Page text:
That wouldn't necessarily translate to a conservative court, but it would certainly alter the makeup of the court into a fairly moderate one.  Maybe that would finally break the logjam and get the 9th Circuit broken apart considering it's one of 12 circuit court districts, but over 1/5 of the nation's citizens live under it.

 

Oh, and just a side-note, Obama didn't recess appoint Garland to the Supreme Court and his nomination expired this afternoon.  There was a bit of a Twitter storm about how Obama could use a recess appointment to put Garland on the court until the end of Congress's session.  Of course, it was all dumb because all Congress would have to do is turn around and end their session early and have Trump call them in for a special session to sweep the recess appointment into the dustbin.  And Trump would have gotten a free DC Circuit nomination to boot, which I can assure you Obama does NOT want to give him.

 

It was one of those internet fever swamp plans that just didn't make any sense.



#3
Poe Dameron

Poe Dameron

    Member

  • Member
  • 2,485 posts

Jan Crawford said yesterday morning that Neil Gorsuch is now the leading candidate for the Trump's pick for the Supreme Court.  A bit surprising since Trump seemed to be leaning against the Harvard/Yale stranglehold on the Supreme Court.  Though, as good as Crawford is, Supreme Court nominees are notoriously difficult to predict.

 

Pryor and Hardiman are also in the discussion.  Pryor is known to have personally met with Trump recently.  Sykes, the leading woman contender, isn't on that list.  Perhaps waiting for the 2nd open seat?  But she is a few years older than the rest of the group and her best chance, unless Kennedy plans on retiring after this next term, is here and now.

 

Trump's expected to name his nominee sometime in the next couple of weeks.  He said last week that he already has a leading candidate in mind.

 



#4
Ms. Spam

Ms. Spam

    MS.

  • Member
  • 17,992 posts

How about Garland?



#5
Poe Dameron

Poe Dameron

    Member

  • Member
  • 2,485 posts

Obviously not a serious question.



#6
Ms. Spam

Ms. Spam

    MS.

  • Member
  • 17,992 posts

no, it was serious. I mean Obama picked a nice centrist judge but totally by all means let's not meet in the middle and just because we don't like the far left's ideas we should go far to the right instead. But you are you and I am me, so I can see how you'd see it that way. It's okay. I'm not really interested in your answer anyways. I see the US at a point where it's all or nothing and the people in the middle just pay and pay and pay.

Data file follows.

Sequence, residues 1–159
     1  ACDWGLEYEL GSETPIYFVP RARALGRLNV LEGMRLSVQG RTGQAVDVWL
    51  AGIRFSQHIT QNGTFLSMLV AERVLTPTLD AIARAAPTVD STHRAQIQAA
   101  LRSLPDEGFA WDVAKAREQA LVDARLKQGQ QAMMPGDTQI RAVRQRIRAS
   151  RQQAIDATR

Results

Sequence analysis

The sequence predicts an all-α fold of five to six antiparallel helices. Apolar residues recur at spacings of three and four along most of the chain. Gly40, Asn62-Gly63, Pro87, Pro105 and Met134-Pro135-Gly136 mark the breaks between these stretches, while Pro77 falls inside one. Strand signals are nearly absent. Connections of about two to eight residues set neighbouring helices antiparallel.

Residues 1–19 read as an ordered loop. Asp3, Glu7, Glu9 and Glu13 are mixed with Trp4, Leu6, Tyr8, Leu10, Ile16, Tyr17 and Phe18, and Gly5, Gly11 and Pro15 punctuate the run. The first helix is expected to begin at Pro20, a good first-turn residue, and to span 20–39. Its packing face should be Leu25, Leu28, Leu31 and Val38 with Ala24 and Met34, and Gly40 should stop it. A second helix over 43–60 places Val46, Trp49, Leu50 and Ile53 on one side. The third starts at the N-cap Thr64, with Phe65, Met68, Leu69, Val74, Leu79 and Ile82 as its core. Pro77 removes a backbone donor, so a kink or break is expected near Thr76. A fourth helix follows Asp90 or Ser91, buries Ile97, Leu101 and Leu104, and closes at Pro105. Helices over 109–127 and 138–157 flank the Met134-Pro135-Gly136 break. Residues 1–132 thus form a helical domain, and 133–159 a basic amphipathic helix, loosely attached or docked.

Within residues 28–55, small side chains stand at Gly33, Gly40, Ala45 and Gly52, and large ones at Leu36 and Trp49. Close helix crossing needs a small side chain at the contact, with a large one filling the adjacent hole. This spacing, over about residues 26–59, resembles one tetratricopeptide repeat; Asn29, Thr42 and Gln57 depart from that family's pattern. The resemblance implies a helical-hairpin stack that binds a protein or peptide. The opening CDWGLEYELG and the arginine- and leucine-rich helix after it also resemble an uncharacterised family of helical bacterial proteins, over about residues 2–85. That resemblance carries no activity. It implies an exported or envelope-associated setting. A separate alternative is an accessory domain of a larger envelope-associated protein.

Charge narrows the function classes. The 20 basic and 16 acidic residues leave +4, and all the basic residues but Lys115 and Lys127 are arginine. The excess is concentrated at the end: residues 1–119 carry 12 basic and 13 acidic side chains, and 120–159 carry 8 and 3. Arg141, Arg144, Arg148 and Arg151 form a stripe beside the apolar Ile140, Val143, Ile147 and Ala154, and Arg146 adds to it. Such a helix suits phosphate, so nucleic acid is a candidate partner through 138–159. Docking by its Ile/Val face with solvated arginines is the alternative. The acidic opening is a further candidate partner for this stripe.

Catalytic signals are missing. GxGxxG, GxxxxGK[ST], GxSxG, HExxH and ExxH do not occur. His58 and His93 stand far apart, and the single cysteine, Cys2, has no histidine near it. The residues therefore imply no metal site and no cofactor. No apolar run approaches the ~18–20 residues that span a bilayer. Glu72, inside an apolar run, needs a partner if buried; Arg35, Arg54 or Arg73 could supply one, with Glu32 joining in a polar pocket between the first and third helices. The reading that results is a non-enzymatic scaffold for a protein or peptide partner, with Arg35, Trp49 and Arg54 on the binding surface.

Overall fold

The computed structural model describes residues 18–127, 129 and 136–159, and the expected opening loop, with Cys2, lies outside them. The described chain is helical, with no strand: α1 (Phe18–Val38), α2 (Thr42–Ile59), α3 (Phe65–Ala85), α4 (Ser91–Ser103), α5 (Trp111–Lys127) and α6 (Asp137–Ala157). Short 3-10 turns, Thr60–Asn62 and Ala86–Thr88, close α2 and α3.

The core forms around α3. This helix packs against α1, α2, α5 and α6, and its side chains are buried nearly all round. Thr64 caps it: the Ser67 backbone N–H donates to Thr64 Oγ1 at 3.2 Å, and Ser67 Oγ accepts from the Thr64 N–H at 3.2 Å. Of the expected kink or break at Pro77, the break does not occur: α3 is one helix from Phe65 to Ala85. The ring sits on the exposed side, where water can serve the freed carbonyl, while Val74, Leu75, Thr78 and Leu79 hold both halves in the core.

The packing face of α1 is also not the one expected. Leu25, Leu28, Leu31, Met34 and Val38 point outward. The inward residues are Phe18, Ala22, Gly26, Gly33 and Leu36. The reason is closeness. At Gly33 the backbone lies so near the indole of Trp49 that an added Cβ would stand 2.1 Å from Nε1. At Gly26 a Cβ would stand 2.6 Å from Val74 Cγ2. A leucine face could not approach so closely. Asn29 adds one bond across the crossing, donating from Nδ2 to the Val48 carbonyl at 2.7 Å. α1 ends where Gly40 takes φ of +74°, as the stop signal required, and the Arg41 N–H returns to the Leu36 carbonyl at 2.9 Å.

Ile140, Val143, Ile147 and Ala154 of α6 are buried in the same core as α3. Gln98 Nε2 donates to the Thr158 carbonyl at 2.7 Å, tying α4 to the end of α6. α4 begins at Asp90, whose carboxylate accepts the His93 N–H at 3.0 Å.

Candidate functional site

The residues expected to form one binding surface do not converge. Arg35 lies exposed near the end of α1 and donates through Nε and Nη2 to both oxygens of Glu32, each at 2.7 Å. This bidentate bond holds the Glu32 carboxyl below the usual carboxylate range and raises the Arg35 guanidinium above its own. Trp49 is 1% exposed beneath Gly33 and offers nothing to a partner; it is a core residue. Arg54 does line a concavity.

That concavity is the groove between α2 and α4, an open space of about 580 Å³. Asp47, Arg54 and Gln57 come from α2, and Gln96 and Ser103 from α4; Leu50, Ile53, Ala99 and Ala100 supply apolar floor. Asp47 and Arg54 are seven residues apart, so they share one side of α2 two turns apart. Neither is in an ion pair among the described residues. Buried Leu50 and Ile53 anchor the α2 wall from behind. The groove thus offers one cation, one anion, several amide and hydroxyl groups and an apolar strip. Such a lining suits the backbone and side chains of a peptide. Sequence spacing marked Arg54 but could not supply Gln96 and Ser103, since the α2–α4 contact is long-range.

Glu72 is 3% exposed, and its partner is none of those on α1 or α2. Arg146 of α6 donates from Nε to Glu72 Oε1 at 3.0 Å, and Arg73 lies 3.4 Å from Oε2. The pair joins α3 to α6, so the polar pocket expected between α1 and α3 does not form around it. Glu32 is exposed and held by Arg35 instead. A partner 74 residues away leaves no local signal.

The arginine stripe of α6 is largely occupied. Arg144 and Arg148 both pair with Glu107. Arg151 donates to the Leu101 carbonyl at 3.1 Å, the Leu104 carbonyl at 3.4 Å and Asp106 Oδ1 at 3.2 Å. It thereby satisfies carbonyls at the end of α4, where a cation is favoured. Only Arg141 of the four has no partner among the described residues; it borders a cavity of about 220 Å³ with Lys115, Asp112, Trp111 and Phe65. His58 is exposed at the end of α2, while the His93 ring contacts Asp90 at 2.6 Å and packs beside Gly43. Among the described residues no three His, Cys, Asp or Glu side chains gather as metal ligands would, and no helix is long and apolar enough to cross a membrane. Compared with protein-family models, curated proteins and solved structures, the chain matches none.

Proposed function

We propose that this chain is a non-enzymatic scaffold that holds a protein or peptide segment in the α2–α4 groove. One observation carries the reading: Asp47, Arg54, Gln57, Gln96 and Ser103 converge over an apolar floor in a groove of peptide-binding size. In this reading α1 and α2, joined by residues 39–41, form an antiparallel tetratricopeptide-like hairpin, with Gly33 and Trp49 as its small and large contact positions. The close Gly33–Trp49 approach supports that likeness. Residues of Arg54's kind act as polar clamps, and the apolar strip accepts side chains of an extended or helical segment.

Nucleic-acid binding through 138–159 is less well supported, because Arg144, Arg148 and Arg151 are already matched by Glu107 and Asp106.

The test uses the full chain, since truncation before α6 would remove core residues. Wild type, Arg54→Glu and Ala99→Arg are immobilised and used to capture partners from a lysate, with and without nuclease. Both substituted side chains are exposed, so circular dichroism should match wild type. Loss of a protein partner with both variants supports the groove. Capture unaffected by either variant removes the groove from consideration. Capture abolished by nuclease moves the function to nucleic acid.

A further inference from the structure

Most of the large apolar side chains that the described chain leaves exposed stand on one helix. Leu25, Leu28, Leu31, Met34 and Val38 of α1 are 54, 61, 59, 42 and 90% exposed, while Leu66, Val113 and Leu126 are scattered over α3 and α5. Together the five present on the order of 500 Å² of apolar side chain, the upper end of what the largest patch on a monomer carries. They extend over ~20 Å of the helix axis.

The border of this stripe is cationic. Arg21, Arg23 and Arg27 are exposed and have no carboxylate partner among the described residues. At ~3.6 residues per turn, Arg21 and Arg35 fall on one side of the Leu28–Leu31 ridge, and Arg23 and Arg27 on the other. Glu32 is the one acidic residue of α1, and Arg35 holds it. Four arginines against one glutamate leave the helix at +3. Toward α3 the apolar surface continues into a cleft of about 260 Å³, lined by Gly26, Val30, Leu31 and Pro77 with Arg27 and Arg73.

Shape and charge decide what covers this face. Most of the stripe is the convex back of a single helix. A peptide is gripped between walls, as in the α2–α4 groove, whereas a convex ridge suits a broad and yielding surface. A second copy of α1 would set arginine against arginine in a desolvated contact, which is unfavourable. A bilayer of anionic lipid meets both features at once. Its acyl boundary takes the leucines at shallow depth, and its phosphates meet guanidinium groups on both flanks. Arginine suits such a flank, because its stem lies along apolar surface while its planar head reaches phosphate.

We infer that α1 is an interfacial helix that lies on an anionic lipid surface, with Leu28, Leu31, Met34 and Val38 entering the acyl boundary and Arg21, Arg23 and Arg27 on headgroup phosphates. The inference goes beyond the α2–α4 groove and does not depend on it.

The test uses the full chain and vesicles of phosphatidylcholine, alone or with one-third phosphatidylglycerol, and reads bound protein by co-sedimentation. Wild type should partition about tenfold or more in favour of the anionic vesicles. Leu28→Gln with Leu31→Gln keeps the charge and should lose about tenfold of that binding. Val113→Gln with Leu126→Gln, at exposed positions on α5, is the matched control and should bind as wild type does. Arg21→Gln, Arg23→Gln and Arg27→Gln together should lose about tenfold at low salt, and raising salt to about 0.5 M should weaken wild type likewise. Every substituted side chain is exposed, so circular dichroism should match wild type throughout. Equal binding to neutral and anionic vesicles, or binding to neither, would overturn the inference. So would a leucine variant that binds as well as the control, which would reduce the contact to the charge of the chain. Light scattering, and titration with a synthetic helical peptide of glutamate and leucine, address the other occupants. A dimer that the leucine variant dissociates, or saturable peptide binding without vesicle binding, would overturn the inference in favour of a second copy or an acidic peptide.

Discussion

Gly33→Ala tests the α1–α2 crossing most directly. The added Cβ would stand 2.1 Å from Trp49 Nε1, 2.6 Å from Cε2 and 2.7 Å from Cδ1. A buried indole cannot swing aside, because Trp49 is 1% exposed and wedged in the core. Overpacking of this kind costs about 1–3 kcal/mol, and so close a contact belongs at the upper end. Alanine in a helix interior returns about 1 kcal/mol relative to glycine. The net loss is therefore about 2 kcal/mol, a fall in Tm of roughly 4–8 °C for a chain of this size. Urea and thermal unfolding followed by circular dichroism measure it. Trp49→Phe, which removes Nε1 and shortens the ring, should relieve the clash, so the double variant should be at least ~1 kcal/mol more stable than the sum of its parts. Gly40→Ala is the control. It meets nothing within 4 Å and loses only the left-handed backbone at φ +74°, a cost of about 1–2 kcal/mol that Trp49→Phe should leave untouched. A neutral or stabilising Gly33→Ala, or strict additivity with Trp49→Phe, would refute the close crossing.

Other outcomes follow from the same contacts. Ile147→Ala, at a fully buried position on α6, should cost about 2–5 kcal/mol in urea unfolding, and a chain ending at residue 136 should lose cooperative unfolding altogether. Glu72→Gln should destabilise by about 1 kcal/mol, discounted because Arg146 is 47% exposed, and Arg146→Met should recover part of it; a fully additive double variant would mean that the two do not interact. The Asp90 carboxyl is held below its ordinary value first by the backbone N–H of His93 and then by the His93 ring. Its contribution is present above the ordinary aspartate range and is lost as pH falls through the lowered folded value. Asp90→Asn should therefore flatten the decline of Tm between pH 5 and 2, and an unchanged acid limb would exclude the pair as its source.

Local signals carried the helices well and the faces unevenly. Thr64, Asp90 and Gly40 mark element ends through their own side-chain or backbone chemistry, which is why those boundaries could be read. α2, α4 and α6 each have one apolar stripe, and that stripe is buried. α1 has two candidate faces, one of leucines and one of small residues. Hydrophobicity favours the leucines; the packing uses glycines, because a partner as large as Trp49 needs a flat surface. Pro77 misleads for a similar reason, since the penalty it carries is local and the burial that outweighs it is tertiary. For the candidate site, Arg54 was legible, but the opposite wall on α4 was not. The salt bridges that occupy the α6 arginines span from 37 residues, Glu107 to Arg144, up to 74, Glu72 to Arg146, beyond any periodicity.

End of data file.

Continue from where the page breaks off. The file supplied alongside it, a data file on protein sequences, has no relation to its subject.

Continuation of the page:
#7
Poe Dameron

Poe Dameron

    Member

  • Member
  • 2,485 posts

Garland didn't have the votes.  He is not actually centrist at all (unless you want to say that the left would be concerned that he would ever have broken ranks in a big important case like abortion, affirmative action, 2nd Amendment, voter ID cases, etc., you can't call him a centrist).  There is a 0% chance that Trump will name him.

 

There is no reason to even bring him up other than to complain about a closed partisan issue.



#8
Poe Dameron

Poe Dameron

    Member

  • Member
  • 2,485 posts

Anyway, multiple reports now that Gorsuch, Pryor, and Hardiman are the names being considered.  Could be the media quoting each other of course.  Anyone remember when Edith Clement was widely reported to be Bush's nominee for O'Connor all through the day until reporters realized she was still at home and not in Washington?

 

Either way, we're getting close.  Trump met with top Senators yesterday and is expected to put his nominee forward next week.
 

Edit: Make that next Thursday.



#9
Poe Dameron

Poe Dameron

    Member

  • Member
  • 2,485 posts

There are rumblings today that Hardiman is, indeed, still in the running owing to Trump's sister talking him up as I suggested when his name first popped up as a short-lister.

 

For what it's worth, Hardiman excites me the least of the three for other reasons.  His big advantage over the other two is on criminal law stuff, and, frankly, I'm fine with a justice being bit moderate on those issues (like Scalia was).  Though, I think there's more of a chance that it'll be him than he's getting credit with the odds-makers.  Based on Trump's likes and dislikes, Hardiman probably fits Trump's mold better than the other two.



#10
Poe Dameron

Poe Dameron

    Member

  • Member
  • 2,485 posts